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Osteoporosis and its complications to dental health

Osteoporosis is a serious problem in The Bahamas.

The word osteoporosis means porous bones. The condition occurs when the bones lose calcium and minerals, causing them to become weak and brittle. Bone is a living tissue that is constantly changing, yet when the creation of the new bone doesn’t keep pace with the removal of old bone, osteoporosis occurs. As a result, people are more prone to bone fractures, even while doing everyday tasks.

The frustrating challenges with osteoporosis and its dental complications

The quality of our bone affects all parts of our bodies, not just our spines and hips. It also affects the jaw bone. In this way, osteoporosis has an immediate connection to early tooth loss.

According to the National Institute of Health, women with osteoporosis are three times more likely to experience tooth loss than those without the bone disease.

Osteoporosis is a major public health threat for about 44 million Americans, or for more than half of those 50 years and older. In The Bahamas, it is believed that more than 60,000 people have osteoporosis or are at risk.

Management of osteoporosis with medications like bisphosphonates adds to the bone complications. These medications can have serious side effects and severe dental complications. The most serious of the side effect is a condition called osteonecrosis of the jaws (ONJ). Osteonecrosis is a condition where there is no blood flow to the area of the bone creating a rotting of the bone. Osteonecrosis can occur spontaneously or can be associated with tooth extractions and/or a local infection. Because of some medications like Fosamax, Actonel and Boniva, the unfortunate effect is delayed bone healing. This delayed healing causes jaw infection, pain and bone rotting. The bone just doesn’t heal well. This is because the decaying bone cannot receive adequate blood supply to remain nourished and replenished.

These medications work by blocking the mechanism to remodel bone. You see, bone is a living structure and the old bone must be removed by cells called osteoclasts. If osteoclasts stop working, the old bone remains and new bone keeps forming. Since this mechanism affects the blood supply to the old bone, major infections could be the result.

Best treatment for osteoporosis

If you have osteoporosis, this is even more reason for you to remain diligent on good oral hygiene habits. Dentists recommend that you floss once a day and brush twice a day for two minutes each time. Undoubtedly, keeping a clean mouth greatly diminishes the chance for dental problems; including the loss of teeth. One of the best ways to reduce the risk for osteoporosis is by maintaining a well-balanced diet rich in calcium and vitamin D which helps the body absorb calcium. As we age, we need more of these important vitamins. Eating fresh vegetables, as well as eggs, plain yogurt and beans are alkalizing. Also, exercise plays a pivotal role in preventing and treating osteoporosis. If you’ve been diagnosed, start a regular workout routine with resistance training to reduce the risk of bone loss. To ensure the benefits of your workout, talk to your doctor.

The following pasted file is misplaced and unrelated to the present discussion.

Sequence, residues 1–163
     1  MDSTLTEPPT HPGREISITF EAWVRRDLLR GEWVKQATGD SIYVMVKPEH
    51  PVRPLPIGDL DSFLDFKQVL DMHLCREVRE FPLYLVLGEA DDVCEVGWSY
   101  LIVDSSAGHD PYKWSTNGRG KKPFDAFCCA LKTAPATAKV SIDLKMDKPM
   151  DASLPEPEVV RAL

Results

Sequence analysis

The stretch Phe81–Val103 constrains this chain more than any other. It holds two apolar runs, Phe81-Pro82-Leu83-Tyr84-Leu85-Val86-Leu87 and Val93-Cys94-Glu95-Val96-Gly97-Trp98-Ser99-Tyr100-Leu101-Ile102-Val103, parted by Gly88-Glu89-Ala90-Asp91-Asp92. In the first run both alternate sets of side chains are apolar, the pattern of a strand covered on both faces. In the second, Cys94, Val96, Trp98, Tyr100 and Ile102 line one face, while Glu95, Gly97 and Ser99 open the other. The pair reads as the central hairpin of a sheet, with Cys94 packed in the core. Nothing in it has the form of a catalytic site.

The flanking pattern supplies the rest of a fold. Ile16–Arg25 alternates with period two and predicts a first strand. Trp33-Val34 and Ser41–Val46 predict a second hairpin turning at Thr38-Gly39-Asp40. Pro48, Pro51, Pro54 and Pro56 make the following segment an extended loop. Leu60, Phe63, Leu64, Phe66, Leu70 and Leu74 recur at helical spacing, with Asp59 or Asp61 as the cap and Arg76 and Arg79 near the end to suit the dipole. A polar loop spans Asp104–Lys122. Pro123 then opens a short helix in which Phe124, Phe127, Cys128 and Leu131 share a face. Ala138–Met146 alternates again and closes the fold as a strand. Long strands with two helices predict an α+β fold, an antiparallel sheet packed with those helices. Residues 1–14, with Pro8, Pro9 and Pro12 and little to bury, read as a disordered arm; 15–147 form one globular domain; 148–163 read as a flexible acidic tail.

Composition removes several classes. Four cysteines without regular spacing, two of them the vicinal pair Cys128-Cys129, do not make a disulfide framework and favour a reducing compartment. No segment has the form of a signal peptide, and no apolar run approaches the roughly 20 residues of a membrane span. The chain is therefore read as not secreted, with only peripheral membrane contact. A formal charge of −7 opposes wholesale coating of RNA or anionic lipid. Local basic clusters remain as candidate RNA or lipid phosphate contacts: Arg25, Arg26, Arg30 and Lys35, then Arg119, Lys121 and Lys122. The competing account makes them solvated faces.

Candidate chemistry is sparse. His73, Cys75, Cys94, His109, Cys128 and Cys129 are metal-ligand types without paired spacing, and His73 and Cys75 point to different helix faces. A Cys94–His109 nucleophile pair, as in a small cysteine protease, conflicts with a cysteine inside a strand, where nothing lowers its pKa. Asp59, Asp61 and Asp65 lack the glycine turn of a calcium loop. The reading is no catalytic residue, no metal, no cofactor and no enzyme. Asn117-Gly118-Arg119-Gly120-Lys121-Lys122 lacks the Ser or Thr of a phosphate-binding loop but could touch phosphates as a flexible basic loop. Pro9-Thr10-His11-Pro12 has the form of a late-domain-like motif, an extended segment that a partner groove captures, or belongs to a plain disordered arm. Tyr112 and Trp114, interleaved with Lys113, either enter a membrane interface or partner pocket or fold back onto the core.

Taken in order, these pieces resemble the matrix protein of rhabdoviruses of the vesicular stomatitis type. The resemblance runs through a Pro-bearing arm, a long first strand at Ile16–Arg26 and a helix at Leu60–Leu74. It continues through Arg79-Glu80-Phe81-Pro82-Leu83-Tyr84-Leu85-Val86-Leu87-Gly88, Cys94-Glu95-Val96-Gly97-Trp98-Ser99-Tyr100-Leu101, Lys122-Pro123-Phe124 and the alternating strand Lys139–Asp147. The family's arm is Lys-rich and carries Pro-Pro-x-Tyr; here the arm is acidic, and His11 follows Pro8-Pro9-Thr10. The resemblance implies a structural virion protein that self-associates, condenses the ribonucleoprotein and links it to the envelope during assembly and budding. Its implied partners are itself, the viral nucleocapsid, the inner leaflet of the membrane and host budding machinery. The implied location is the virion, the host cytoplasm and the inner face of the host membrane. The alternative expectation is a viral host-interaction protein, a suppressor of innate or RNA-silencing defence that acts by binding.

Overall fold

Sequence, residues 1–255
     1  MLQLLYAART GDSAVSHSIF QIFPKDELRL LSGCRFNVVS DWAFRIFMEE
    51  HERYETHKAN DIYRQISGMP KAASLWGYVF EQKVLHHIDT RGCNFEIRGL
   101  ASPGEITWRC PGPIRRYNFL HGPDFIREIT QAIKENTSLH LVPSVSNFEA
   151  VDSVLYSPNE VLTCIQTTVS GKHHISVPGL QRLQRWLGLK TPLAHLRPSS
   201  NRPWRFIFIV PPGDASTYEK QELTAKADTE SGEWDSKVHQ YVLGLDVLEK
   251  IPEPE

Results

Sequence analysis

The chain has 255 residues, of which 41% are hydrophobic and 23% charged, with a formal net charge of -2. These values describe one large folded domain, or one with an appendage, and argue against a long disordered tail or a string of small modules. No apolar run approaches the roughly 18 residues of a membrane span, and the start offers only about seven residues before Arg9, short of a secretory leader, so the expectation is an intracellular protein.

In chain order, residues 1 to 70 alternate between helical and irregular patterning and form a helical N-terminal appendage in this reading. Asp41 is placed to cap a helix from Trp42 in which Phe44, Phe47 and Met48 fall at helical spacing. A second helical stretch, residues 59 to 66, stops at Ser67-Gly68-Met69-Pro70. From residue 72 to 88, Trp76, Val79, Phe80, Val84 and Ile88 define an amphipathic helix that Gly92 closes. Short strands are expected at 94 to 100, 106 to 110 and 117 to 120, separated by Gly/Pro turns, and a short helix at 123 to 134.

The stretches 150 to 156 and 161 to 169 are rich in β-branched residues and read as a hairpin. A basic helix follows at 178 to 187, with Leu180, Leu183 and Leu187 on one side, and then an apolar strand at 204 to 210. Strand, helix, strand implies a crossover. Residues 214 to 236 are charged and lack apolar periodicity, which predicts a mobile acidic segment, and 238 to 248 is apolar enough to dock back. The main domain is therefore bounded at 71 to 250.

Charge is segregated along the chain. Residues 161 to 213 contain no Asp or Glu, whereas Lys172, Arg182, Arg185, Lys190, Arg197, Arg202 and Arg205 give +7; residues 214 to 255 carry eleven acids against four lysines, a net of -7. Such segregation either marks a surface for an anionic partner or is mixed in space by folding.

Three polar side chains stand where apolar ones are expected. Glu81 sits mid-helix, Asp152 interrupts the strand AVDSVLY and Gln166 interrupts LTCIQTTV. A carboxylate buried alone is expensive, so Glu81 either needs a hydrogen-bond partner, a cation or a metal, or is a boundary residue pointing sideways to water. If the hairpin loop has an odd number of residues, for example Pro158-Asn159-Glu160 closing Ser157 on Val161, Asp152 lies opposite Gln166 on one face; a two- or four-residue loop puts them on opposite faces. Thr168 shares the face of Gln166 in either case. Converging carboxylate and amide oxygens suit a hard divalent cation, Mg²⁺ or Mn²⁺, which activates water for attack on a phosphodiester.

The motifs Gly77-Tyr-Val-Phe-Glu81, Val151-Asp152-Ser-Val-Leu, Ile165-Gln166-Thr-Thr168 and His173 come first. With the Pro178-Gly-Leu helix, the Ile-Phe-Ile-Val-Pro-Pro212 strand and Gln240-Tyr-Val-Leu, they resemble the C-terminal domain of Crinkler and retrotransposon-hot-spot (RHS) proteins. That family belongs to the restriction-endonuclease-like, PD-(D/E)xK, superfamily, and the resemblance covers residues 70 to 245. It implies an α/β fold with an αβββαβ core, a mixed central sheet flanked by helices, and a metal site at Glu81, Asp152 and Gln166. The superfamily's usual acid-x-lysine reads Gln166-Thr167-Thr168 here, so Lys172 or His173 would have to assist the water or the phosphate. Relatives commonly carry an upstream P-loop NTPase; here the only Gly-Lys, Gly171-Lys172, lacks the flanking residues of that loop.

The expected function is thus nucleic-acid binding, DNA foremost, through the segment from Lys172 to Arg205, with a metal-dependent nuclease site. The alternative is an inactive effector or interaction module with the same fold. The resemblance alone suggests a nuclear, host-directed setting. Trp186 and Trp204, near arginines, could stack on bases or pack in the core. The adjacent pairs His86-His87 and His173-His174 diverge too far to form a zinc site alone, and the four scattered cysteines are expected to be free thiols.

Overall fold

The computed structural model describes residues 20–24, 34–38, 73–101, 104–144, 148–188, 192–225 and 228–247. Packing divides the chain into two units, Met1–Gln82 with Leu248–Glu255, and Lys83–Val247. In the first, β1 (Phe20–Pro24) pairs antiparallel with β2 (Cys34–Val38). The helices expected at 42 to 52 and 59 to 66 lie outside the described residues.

Osteoporosis is a problem – as well as medications prescribed to treat it.

My best advice is to do as much as we can without medication. Sometimes, if you change your habits, the problem may resolve itself. Eat well, exercise, seek wise counsel and practice good dental hygiene. You just need to start now.


• Dr. Kendal V.O. Major is the founder and CEO of the Center for Specialized Dentistry, which is a comprehensive family dental practice operating in New Providence and Grand Bahama. He is the first Bahamian specialist in gum diseases and dental implants since 1989. He is also a certified fast braces provider. His practice is located at 89 Collins Avenue, New Providence. He can be contacted at (242) 325-5165 or kmajorcsd
@gmail.com.